If you were unable to attend this year’s Exomedicine conference, here’s an update with some of the inspiring conversations that occurred:
The conference began with a discussion by former Astronaut David Wolf. He talked not only about his personal time in space, but also of the potentials of medical advancement through microgravity research. Dr. Wolf developed the American Flight Echocardiograph with NASA, allowing cardiovascular data of astronauts to be obtained. He then became the Chief Engineer for the Space Station Medical facility design, expanding technological capabilities in telemedicine, medical informatics, and bioinstrumentation on the International Space Station. Dr. Wolf was also Chief engineer of the “Space Bioreactor” project, a tissue-engineering system and cancer research program. This method is used both in space and on earth today. Dr. Wolf’s work represents the goals of exomedicine- discovery in space for applications on Earth.
Dr. Wolf also helped to inspire conference attendees to think of gravity as a resource, rather than a constant or a barrier. If we can change our perspective about the potentials of research in microgravity, we can redefine the limits of our discovery.
After that, we heard from multiple innovators about the untapped potentials of space.
Twyman Clements- Space Tango
Twyman Clements, CEO of Space Tango, presented about our cube lab designs, helping to demonstrate that research in microgravity is possible with the right tools. Space Tango works to make this kind of research accessible to companies and academics alike. Using a cloud based portal system, researchers can have real-time access to data from the station, enhancing the capabilities for ground modeling systems back on earth.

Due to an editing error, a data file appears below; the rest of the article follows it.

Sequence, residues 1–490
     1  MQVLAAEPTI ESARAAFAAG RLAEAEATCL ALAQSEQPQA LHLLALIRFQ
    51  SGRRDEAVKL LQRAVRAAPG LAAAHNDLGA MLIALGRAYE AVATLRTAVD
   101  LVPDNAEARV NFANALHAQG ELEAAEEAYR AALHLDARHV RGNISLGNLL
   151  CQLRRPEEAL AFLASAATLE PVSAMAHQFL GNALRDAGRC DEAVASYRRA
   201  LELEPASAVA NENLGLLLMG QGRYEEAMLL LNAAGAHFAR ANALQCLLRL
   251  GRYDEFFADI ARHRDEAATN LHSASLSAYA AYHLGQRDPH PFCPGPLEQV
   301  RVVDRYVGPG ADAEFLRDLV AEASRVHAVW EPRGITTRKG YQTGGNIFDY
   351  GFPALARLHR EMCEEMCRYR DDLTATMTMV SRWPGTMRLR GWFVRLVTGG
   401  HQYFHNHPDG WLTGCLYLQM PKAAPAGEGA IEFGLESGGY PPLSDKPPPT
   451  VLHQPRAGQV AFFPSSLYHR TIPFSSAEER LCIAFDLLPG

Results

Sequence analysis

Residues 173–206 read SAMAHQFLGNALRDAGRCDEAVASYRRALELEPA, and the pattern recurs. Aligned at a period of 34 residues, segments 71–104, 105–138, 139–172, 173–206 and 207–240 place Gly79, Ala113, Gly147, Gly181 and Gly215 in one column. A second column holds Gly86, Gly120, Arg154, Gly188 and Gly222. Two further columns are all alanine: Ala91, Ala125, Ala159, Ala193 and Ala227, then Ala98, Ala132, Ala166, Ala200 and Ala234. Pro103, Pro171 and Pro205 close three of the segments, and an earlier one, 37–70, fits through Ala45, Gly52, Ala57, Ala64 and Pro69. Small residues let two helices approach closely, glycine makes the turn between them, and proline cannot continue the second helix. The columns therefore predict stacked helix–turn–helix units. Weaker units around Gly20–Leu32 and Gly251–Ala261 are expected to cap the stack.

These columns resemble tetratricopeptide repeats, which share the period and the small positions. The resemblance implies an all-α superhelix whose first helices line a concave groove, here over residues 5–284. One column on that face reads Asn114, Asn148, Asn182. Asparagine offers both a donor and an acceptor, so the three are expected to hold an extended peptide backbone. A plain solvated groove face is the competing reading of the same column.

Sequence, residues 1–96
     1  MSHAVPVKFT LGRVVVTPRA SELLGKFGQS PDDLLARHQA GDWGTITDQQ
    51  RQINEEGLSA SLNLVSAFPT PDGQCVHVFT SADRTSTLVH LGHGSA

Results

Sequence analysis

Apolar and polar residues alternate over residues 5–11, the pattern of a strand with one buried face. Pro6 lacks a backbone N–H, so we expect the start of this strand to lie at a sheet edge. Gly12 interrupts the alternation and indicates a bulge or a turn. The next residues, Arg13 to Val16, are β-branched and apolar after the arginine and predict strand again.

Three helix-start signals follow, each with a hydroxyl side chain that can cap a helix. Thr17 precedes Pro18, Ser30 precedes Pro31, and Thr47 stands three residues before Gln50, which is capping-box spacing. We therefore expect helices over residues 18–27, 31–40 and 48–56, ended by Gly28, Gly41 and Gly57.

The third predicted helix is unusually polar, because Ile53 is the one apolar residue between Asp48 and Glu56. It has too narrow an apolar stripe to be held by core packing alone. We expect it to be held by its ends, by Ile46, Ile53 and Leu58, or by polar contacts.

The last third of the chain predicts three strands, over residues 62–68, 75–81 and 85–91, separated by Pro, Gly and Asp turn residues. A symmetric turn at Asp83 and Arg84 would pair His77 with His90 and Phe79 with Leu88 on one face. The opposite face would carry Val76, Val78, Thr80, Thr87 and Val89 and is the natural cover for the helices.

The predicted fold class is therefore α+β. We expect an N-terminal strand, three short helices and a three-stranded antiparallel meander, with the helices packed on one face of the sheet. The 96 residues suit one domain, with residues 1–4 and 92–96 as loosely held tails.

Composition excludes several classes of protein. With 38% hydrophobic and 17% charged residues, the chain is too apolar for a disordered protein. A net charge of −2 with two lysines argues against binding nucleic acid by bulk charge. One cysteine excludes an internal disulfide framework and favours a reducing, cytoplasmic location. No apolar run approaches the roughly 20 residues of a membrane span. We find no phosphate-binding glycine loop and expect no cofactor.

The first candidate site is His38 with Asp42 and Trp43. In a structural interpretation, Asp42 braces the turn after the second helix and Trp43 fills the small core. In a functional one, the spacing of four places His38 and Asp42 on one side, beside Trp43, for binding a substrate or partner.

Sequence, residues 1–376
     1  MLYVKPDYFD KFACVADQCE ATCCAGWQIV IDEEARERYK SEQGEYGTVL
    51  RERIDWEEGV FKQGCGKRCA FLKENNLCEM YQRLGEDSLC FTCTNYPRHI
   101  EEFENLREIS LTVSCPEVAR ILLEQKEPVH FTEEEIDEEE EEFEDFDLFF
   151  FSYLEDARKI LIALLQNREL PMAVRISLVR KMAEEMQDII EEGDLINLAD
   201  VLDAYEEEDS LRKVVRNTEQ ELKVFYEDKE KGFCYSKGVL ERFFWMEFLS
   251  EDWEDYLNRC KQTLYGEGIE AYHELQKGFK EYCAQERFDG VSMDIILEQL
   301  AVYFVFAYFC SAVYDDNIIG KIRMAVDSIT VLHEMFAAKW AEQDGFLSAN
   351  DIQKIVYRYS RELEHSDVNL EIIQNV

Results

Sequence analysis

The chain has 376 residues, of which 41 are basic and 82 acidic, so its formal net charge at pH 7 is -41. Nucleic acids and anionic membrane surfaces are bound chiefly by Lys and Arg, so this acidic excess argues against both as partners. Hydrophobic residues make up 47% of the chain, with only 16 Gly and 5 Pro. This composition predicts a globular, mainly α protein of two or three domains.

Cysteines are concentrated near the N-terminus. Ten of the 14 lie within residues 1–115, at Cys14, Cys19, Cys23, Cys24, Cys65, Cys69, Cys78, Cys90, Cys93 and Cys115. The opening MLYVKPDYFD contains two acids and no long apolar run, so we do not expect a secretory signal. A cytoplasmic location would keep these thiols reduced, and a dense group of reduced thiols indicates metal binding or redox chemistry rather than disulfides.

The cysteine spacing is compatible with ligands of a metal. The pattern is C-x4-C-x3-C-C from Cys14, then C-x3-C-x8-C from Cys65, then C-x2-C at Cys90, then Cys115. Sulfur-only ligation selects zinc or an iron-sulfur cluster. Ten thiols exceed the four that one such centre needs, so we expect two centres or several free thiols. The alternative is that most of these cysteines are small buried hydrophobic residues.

Microgravity Biomedical Outcomes and Implications- CASIS
Michael Roberts from CASIS discussed how technology advancements on ISS give researchers more control over their experimentation. The International Space Station is equipped for a multitude of research platforms, whether it be small-scale experiments like Space Tango’s cube labs, or larger, more involved experimentation such as animal models. From research on cancer systems, regenerative medicine, neurodegenerative diseases, protein crystallization and more, experimentation in space can help us unlock solutions to problems we face here on Earth.
Emerging Exomed missions and ideas
From growing plants, to culturing tissue and everything in-between, if you can design it on earth, you can complete it in space. Researchers Diane Snow, Joe Chappell, Luke Bradley, and Gentry Barnett discussed some of the exomedicine research that they’ve been designing, and what the future may hold for research in microgravity.
Bioengineering and Biomanufacturing in space
The only thing cooler than 3-d printing is 3-d printing in space. Microgravity conditions pose potentials not only for biomedical manufacturing, but materials manufacturing as well.
One of the biggest obstacles to overcome is changing peoples’ perspective- helping them to realize that research in microgravity is possible. One way to combat this issue is by intercepting those perceptions at the source: students. By helping young, innovative students see the potentials of space, we can expand our boundaries for discovery even more.
“There’s a sweet spot between knowing too much and not knowing enough.” Students often fall into this category, fresh in their education with room to learn, but still open enough to ask difficult questions and dream big about potentials for discovery. Anthony Mires, from Advance Kentucky, encapsulated this idea perfectly when he said, “If you give students the opportunity to think big and challenge themselves, they’ll do it.”
As with any conference, some of the greatest outcomes result from connecting with other members of the industry and engaging in thought-provoking conversations. If you were unable to come this year, we hope that you can join these conversations in the future!